I saw Bohemian Rhapsody in the theater recently, and I wasn’t familiar with the ratings it got on Rotten Tomatoes — though it’s usual for me to check — and I wasn’t too concerned with the critical response when I went to see the film. Nevertheless, my impression of the movie falls in line with the general audience response. The film is an exhilarating celebration of Queen’s music. The only downside I noted when I left the theater was the film’s fast pace when it dealt with issues that didn’t relate to Queen’s music.
Soon after I saw the film, I overheard people talking about it at a bar in my city and they said things like, “the critics hated it, but I thought it was awesome.” The comments prompted me to look at what the critics had to say, just because I was curious. It turned out that Rotten Tomatoes critics rated Bohemian Rhapsody 62%. Even Freddie Mercury’s biographer, Lesley-Ann Jones, denounced the film as a series of superficial snapshots. This left me with the question: why is there a rift between movie critics and audiences?
Entertainment vs. Education
Biopics more than any other film genre bear the burden of having to inform and entertain. Whenever a film sacrifices accuracy it tends to lose respect from people who are sticklers for literal truth; and if entertainment is sacrificed, it loses audiences who find documentary-style films dull. The former was the case with the Stephen Hawking biopic from 2014, The Theory of Everything.
Though The Theory of Everything was a beautiful homage to the illustrious physicist, the creators of the film altered the timeline of events for dramatic effect. Rather than show Stephen and Jane, his future wife, meeting after Stephen was diagnosed with motor neuron disease, the filmmakers put the lovebirds together prior to his diagnosis, just to add conflict when the troubling news finally reared its head.
Even the critics who liked the film mentioned its “fairy tale” qualities to note how it departed from reality to some extent. But critics of the Hawking biopic didn’t differ too strongly from the overwhelmingly positive audience response, though a critic from New York Magazine gave the film the common critique of being “shallow” and lacking deeper insights. A larger gulf between moviegoers and critics came about when the painter, J.M.W. Turner, was remembered in the biopic, Mr. Turner, that was released the same year.
While nearly every critic on Rotten Tomatoes praised, Mr. Turner, with Newsday critic, Rafer Guzman admiring the 150-minute film’s rich details and documentary-like feel, positive reviews from audiences only reached a mere 56%.
Upon watching Mr. Turner, I wasn’t surprised by the audience response. The neutral, documentary style that Guzman relished made me stare numbly at the screen and even nod off once or twice. Between Mr. Turner and The Theory of Everything, I’d have to take the latter any day.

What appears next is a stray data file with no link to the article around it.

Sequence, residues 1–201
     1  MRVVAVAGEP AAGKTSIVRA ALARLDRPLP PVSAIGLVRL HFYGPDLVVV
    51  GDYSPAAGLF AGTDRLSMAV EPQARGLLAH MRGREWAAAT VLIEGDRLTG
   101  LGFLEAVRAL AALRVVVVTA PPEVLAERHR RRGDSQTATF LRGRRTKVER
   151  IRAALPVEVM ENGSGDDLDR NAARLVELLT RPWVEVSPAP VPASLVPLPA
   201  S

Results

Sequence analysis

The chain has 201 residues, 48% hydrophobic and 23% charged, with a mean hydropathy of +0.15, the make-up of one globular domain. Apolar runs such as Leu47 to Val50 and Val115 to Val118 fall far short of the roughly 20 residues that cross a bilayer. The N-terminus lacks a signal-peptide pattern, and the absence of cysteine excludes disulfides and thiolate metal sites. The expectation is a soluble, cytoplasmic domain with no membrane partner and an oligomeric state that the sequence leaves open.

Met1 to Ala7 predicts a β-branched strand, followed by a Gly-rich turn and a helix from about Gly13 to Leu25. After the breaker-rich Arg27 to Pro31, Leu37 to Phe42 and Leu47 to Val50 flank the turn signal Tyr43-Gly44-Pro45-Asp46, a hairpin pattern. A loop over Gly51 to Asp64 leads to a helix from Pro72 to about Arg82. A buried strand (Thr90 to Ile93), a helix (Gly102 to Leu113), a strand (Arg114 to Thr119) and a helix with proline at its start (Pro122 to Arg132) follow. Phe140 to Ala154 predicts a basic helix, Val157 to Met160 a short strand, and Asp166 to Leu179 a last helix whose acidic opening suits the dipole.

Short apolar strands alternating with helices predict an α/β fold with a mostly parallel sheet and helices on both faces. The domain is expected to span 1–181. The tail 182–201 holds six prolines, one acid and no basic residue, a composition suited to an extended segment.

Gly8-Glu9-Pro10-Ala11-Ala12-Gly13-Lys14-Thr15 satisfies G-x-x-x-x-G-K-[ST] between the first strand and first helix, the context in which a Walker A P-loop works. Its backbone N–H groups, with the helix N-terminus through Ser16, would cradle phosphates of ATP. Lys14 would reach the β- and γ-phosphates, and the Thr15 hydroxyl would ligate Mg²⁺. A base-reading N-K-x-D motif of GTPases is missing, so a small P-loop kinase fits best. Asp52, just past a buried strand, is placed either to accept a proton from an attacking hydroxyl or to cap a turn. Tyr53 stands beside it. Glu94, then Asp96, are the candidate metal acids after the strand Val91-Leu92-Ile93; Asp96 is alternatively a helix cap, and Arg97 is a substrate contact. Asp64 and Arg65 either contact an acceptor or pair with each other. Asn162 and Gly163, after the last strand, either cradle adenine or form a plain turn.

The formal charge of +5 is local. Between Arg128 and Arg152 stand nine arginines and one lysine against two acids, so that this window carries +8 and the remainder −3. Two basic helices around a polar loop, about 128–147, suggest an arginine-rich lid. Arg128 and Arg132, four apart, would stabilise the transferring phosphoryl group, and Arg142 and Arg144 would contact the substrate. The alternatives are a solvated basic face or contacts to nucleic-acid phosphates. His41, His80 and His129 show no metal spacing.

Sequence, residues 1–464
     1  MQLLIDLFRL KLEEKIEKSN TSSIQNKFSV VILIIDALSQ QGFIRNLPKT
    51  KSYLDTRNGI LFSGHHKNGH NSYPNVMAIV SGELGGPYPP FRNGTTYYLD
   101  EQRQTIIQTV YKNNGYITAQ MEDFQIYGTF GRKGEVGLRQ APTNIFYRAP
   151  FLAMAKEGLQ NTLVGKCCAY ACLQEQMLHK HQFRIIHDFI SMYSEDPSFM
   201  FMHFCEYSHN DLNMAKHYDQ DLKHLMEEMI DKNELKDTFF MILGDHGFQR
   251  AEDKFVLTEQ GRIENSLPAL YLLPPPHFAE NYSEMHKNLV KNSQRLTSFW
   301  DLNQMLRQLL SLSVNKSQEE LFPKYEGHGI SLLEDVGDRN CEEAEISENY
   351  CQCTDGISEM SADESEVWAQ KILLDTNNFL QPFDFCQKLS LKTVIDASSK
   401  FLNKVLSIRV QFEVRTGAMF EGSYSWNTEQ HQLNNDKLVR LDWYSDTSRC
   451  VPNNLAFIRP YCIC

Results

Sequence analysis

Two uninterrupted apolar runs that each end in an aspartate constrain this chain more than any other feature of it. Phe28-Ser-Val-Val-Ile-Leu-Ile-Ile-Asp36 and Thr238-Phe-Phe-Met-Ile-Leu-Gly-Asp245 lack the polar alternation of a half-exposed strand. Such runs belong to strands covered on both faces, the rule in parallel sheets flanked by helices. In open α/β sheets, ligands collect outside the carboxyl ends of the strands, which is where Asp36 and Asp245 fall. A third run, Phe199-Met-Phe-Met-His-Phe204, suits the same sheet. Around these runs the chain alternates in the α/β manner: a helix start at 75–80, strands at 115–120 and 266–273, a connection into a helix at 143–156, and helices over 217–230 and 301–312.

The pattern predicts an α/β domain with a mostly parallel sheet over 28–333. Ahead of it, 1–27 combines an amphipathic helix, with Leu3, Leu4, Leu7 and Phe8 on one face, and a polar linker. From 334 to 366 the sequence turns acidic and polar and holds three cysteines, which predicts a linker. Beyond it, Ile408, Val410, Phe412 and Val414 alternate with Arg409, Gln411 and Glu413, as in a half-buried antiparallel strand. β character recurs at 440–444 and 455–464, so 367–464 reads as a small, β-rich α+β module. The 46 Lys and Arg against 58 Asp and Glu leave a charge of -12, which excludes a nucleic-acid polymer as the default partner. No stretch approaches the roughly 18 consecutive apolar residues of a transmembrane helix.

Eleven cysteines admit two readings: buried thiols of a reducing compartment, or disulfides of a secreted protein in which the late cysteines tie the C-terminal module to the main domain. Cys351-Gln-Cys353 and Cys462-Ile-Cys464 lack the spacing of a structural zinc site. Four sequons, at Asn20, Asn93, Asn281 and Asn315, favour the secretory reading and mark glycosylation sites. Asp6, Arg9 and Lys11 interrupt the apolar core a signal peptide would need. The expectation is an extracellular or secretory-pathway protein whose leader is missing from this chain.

Does this mean that critics simply care more about facts, while the average moviegoer wants mindless entertainment?
Are Movie Critics Akin to Scholars?
It can be hard for academics to appreciate popular books or articles that deal with their area of specialization. No matter how well written a piece might be, some scholars can’t help but view a popular piece as exchanging substance for style.
If movie critics favor more in-depth films, it’s probably because, like scholars, they’ve watched and researched quite a bit and they grow bored when the same information is thrown back at them when they go to the movies. Worse, the information can sometimes seem frustratingly incomplete. This is probably the case with Lesley-Ann Jones who has poignant memories of Freddie Mercury from the times she toured with Queen.
Jones stated that she would’ve preferred to watch a film about Mercury’s formative years. And I found myself sharing a similar opinion initially. But now I accept that Bohemian Rhapsody was meant to introduce the story of Queen rather than delve deeply into any one part of the band’s career. If an audience member wants to dive into Queen’s biography after seeing the film, then the movie can probably be considered a success.
Will the Divide Between Fans and Critics Ever Be Resolved?
When critics comment on films, they often do so without looking through the lenses of regular people who go to the movies. Something about their reviews seem indicative of specialists who can’t be easily won over any longer. Perhaps critics could do a better job of stepping into the audience’s shoes.
Critics too often dismiss the value of films like Bohemian Rhapsody in their ability to draw people to a subject they may know little about. As someone who knows nothing about Queen, seeing the film felt like a good starting point for learning about the band. If I had simply switched on a Queen documentary it probably wouldn’t have had the same impact. And that’s where sheer entertainment served its purpose.
Literal, in-depth story lines can’t always hook us and make us invest in the characters’ emotional lives. As much as I want to see a truthful depiction of a person’s life, I have to be honest with myself and admit that the plain truth isn’t always riveting. And sometimes it might be worth it to accept some added glamour and even an artful arrangement of events that may stretch the truth just enough to capture our attention.
Thanks for reading! What’s your take on the disconnect between critics and fans? Leave a comment below!
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